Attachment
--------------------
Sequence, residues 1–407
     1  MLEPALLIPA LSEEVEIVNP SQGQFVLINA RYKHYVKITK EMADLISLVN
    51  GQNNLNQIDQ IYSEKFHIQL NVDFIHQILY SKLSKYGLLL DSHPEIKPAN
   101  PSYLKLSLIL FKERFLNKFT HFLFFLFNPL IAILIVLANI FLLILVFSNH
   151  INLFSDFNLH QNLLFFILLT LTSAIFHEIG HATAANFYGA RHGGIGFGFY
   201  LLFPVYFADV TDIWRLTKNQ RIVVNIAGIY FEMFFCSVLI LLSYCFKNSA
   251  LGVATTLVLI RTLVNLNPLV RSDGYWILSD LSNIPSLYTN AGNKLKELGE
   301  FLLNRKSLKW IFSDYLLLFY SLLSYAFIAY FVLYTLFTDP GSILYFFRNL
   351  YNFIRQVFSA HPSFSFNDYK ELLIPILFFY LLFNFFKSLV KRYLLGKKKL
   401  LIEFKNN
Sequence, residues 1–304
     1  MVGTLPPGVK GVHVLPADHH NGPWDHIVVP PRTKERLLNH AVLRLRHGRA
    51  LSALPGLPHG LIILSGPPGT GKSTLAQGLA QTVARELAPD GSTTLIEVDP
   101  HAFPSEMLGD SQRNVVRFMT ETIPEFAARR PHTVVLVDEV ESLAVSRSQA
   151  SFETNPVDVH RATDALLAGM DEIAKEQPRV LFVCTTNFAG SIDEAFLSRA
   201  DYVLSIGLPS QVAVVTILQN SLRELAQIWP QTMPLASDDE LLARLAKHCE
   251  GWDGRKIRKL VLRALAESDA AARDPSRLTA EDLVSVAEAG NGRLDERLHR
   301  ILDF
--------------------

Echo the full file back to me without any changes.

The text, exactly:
Sequence, residues 1–407
     1  MLEPALLIPA LSEEVEIVNP SQGQFVLINA RYKHYVKITK EMADLISLVN
    51  GQNNLNQIDQ IYSEKFHIQL NVDFIHQILY SKLSKYGLLL DSHPEIKPAN
   101  PSYLKLSLIL FKERFLNKFT HFLFFLFNPL IAILIVLANI FLLILVFSNH
   151  INLFSDFNLH QNLLFFILLT LTSAIFHEIG HATAANFYGA RHGGIGFGFY
   201  LLFPVYFADV TDIWRLTKNQ RIVVNIAGIY FEMFFCSVLI LLSYCFKNSA
   251  LGVATTLVLI RTLVNLNPLV RSDGYWILSD LSNIPSLYTN AGNKLKELGE
   301  FLLNRKSLKW IFSDYLLLFY SLLSYAFIAY FVLYTLFTDP GSILYFFRNL
   351  YNFIRQVFSA HPSFSFNDYK ELLIPILFFY LLFNFFKSLV KRYLLGKKKL
   401  LIEFKNN
Sequence, residues 1–304
     1  MVGTLPPGVK GVHVLPADHH NGPWDHIVVP PRTKERLLNH AVLRLRHGRA
    51  LSALPGLPHG LIILSGPPGT GKSTLAQGLA QTVARELAPD GSTTLIEVDP
   101  HAFPSEMLGD SQRNVVRFMT ETIPEFAARR PHTVVLVDEV ESLAVSRSQA
   151  SFETNPVDVH RATDALLAGM DEIAKEQPRV LFVCTTNFAG SIDEAFLSRA
   201  DYVLSIGLPS QVAVVTILQN SLRELAQIWP QTMPLASDDE LLARLAKHCE
   251  GWDGRKIRKL VLRALAESDA AARDPSRLTA EDLVSVAEAG NGRLDERLHR
   301  ILDF